My family recently had up-close interactions with two industries. One was with the travel industry and involved hours spent sitting on an aircraft that departed six hours late. The other was with healthcare and involved hours in an emergency department and a hospital admittance.
Where did we experience better customer service? The former. Communication and courtesy made the difference.
Everyone has stories of good and bad customer service involving the industries that touch our lives. But here’s the problem: From cradle to grave, consumers will have far more important interactions with healthcare professionals than, say, with flight crews, servers and salespeople.
All industries remain hobbled by a lack of workers and the latest COVID-19 variant that is prompting unanticipated sick days. Workers all over, particularly those in healthcare, are stressed, but so are consumers. What is more stressful than concerns about one’s health, particularly when the concern is unexpected or it’s a crisis? Everyone a patient meets along the journey needs to remember that and understand that communication is key.
More efforts to improve the process may be underway. The Leapfrog Group, a not-for-profit watchdog group, just issued a set of recommendations for hospitals, to help them lessen diagnostic errors and improve patient safety. The to-do list comes as Leapfrog takes steps to rate hospitals on those errors and make the reports public. Its definition of diagnostic error doesn’t just mean something is wrong; it also means when a correct diagnosis isn’t communicated to a patient or family members. So it’s no surprise that one theme woven through its recommendations is better communication.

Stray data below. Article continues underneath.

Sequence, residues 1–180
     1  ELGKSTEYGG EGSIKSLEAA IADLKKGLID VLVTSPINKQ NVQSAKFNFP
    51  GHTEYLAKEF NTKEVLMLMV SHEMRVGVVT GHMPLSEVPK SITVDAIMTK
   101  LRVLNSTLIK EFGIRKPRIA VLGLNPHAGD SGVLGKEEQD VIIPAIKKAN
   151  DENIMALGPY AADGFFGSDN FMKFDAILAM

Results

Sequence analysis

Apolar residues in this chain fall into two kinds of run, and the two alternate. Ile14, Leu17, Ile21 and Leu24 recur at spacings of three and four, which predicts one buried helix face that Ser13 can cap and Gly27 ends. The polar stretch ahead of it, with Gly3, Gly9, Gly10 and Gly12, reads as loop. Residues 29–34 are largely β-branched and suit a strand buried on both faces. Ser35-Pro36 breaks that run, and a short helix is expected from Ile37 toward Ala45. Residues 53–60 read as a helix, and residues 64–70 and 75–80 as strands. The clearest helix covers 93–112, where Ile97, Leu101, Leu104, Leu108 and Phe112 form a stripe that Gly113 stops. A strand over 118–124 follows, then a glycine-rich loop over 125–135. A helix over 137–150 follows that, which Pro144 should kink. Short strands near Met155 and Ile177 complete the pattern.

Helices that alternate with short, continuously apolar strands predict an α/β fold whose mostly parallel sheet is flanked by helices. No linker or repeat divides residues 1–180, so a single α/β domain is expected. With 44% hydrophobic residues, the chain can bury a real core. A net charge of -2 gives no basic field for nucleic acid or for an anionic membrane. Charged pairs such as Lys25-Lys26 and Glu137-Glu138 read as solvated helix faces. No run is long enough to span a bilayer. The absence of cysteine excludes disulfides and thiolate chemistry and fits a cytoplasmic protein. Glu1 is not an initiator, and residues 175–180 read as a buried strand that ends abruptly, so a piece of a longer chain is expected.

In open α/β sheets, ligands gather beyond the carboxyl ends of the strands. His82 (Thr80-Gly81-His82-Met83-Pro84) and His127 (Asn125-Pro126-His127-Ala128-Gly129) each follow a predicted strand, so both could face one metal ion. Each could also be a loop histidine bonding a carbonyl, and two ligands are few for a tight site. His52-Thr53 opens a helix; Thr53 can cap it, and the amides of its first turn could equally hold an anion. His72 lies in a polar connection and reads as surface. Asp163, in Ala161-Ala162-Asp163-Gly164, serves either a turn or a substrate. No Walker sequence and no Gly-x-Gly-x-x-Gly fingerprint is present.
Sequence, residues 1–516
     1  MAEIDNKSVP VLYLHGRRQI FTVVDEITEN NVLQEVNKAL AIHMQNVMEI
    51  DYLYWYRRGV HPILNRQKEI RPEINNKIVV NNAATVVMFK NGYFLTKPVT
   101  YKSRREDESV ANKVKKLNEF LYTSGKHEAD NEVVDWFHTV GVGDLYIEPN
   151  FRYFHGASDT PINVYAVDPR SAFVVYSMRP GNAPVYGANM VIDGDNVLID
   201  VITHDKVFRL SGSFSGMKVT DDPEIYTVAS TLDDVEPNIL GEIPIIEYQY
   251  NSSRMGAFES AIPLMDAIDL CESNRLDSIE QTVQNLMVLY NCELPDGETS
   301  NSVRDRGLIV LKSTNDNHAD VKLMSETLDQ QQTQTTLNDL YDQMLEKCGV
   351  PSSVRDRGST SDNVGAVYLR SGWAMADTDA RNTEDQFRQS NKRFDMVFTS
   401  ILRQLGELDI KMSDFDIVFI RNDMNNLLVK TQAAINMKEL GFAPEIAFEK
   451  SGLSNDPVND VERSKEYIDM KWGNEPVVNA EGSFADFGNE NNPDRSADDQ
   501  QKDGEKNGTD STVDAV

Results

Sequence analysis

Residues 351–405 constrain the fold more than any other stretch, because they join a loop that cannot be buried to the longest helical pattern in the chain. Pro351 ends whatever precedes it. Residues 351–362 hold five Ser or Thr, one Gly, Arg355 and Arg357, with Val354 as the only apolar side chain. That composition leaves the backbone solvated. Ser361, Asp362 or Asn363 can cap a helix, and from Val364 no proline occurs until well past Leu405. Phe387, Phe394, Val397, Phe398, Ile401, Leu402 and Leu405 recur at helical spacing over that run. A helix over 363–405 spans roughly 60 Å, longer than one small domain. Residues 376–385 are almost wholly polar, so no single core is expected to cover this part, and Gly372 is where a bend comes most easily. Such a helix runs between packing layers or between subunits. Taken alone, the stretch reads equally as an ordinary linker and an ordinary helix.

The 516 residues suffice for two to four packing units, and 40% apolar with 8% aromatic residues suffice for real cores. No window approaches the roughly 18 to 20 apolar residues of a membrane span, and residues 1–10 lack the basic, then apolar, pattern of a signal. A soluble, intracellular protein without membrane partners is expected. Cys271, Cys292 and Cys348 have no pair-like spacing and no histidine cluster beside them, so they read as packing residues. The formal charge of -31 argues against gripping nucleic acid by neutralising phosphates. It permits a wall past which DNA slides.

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This past week, health systems were touting their places on U.S. News & World Report’s annual ranking of the nation’s best hospitals. The results are a much-used consumer marketing tool for healthcare organizations, particularly in competitive markets. Patients want the best healthcare they can afford and rankings may help them feel they’re receiving quality treatment at a well-regarded provider.
Consumers vote with their feet, and given the choice, they won’t return if the product or service is bad. Patients don’t always have that opportunity, and during a hospital stay, the outcome isn’t always positive. That’s why it’s imperative that providers, as well as payers, focus on the entire customer experience. Executives need to send the message throughout the workforce that a caring bedside manner shouldn’t be just by the bedside.
A holistic approach to communications, from the first interaction to the last, can be a win-win, providing the patient with a positive experience and the organization with a competitive edge.